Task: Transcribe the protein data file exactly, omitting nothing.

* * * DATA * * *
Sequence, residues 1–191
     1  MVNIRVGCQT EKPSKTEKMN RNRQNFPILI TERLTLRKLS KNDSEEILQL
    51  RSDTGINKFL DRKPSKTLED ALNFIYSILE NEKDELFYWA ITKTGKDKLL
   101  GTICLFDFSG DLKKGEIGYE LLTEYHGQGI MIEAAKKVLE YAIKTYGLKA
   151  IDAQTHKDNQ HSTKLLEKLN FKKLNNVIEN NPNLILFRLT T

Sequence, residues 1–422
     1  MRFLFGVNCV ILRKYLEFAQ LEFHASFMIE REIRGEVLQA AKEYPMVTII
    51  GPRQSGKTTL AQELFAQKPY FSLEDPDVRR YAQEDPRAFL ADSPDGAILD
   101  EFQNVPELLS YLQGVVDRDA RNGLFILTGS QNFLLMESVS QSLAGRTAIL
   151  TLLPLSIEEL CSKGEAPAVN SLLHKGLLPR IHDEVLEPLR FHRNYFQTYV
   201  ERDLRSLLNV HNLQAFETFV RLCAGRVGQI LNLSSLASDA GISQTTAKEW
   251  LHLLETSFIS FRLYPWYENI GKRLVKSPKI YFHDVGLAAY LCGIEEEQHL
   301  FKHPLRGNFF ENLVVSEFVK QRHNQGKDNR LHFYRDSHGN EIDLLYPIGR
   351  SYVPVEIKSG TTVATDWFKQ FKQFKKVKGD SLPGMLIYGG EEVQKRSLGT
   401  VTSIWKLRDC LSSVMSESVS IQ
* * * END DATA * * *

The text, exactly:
Sequence, residues 1–191
     1  MVNIRVGCQT EKPSKTEKMN RNRQNFPILI TERLTLRKLS KNDSEEILQL
    51  RSDTGINKFL DRKPSKTLED ALNFIYSILE NEKDELFYWA ITKTGKDKLL
   101  GTICLFDFSG DLKKGEIGYE LLTEYHGQGI MIEAAKKVLE YAIKTYGLKA
   151  IDAQTHKDNQ HSTKLLEKLN FKKLNNVIEN NPNLILFRLT T

Sequence, residues 1–422
     1  MRFLFGVNCV ILRKYLEFAQ LEFHASFMIE REIRGEVLQA AKEYPMVTII
    51  GPRQSGKTTL AQELFAQKPY FSLEDPDVRR YAQEDPRAFL ADSPDGAILD
   101  EFQNVPELLS YLQGVVDRDA RNGLFILTGS QNFLLMESVS QSLAGRTAIL
   151  TLLPLSIEEL CSKGEAPAVN SLLHKGLLPR IHDEVLEPLR FHRNYFQTYV
   201  ERDLRSLLNV HNLQAFETFV RLCAGRVGQI LNLSSLASDA GISQTTAKEW
   251  LHLLETSFIS FRLYPWYENI GKRLVKSPKI YFHDVGLAAY LCGIEEEQHL
   301  FKHPLRGNFF ENLVVSEFVK QRHNQGKDNR LHFYRDSHGN EIDLLYPIGR
   351  SYVPVEIKSG TTVATDWFKQ FKQFKKVKGD SLPGMLIYGG EEVQKRSLGT
   401  VTSIWKLRDC LSSVMSESVS IQ